However, like most events at Meadow Lane since the takeover occurred, it seems the truth has been somewhat bent in the media. My understanding of the issue from official sources is the winding up order has been issued to Blenheim 1862, the parent company of the club. However, despite reports to the contrary, Munto Finance have now paid the bill. The High Court date of the 18th November is effectively a charade, where the court will acknowledge the payment and dismiss the winding-up order.
After months of looking for flaws in the takeover, this will be further disappointment to the Guardian newspaper. (I sense a tangent coming on) Generally, I’m a big fan of the Guardian. I think it’s a thoroughly decent paper that sticks to the essence of journalism, and in a time where entertainment shows are more important in the eyes of the public than war or famine, it is a vital cog in the British press. I genuinely believe that a newspapers primary role is inform the public of the major issues of the world, and prevent “the tyranny of government”, not to report the latest X Factor bust-up, and the Guardian is a major player in that area. However, it would seem they have made a beeline for Notts County Football Club, and it is a little infuriating to say the least. This has included erroneous stories regarding the actual takeover, Sven’s future at the club and now this HMRC bill.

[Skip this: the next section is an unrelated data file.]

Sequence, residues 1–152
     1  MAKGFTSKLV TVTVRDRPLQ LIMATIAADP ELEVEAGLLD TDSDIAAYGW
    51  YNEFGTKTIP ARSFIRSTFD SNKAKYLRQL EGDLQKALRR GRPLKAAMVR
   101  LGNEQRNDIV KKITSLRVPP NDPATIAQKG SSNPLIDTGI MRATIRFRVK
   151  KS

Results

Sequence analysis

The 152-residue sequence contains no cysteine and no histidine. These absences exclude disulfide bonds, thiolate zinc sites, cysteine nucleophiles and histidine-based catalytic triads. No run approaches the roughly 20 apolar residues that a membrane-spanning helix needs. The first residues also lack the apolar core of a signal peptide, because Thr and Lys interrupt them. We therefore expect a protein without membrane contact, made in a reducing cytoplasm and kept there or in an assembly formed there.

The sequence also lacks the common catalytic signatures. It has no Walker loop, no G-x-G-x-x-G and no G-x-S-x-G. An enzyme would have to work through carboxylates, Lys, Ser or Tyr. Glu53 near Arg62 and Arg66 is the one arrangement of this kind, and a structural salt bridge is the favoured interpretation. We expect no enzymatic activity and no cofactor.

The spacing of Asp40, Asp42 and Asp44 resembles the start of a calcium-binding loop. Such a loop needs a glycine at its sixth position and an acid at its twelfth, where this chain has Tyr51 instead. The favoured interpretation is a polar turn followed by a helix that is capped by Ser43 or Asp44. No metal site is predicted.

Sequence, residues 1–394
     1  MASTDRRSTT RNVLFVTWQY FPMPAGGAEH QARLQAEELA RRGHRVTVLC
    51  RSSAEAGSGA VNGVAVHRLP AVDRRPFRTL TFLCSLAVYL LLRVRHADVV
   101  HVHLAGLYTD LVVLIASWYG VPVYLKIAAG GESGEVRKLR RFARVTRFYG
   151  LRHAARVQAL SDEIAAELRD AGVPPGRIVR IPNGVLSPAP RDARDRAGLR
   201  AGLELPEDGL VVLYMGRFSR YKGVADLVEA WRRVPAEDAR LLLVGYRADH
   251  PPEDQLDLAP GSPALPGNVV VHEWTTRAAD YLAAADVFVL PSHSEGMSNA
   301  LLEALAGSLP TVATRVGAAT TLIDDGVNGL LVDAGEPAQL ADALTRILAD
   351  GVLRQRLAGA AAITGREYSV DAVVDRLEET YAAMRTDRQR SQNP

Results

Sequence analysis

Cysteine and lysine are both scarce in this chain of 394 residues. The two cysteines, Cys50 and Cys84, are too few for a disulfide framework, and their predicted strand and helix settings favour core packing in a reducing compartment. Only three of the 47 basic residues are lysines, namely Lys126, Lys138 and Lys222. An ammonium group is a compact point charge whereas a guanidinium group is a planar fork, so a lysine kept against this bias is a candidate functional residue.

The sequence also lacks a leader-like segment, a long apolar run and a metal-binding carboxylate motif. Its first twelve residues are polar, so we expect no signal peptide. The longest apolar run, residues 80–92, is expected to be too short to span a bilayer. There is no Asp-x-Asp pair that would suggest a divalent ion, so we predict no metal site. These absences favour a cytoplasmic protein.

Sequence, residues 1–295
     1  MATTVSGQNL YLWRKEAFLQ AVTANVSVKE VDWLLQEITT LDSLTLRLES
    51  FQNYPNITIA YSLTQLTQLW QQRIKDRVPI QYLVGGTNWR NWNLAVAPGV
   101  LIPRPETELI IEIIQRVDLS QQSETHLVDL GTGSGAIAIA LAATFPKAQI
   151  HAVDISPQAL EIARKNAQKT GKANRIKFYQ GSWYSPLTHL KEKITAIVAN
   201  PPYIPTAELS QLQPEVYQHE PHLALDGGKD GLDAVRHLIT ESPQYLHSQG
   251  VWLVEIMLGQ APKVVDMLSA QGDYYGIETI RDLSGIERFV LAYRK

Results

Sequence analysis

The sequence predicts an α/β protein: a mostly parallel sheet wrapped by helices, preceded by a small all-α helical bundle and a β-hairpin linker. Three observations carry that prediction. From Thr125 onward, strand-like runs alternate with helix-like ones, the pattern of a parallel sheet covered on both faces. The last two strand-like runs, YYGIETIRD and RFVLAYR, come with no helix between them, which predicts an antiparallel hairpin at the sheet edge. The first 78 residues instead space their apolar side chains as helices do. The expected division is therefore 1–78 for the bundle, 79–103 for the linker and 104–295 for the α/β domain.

However, enough about the paper, and back to my main point.
Without this takeover, I’m pretty certain we’d all be back on the streets, cap in one hand, bucket in another, asking for the help of the good people of Nottingham.
(I feel another tangent in the not-too-distant future)
It would seem that a certain section of the other side of the city won’t ever let us forget the £3 they once put in a bucket to help us. Thanks for that, my Red friends. We do appreciate it. However, by continually reminding us that you helped out, I get the impression some of you are the type of people who would not think twice about using the line “but I once lent you fiver in 1974. You owe me,” to even their best friends when trying to get what they want in 2009. I’ve encountered a few of those in the past. Most of whom have forgotten about 1968, a certain incident involving the Main Stand at Forest, and the help provided by Notts County FC. Your donations, as much as we appreciate them, have merely returned the favour. So thank you, for the 12,357th time, thank you. What else do you want from us in return? Our kidneys maybe?
However, thanks to the good people whose vision is to see Notts County competing on the European scene, we are free to enjoy the future and the challenges it will bring, rather than another desperate fight for survival, like the one we endured just a few short years ago.
I hope my fellow ‘pies will join me in raising a glass to that.
October 30, 2009
So another week at Meadow Lane is over, and we’re all looking forward to the game against Shrewsbury tomorrow. But like most weeks following Munto Finance’s takeover, we’ve barely been out of the news.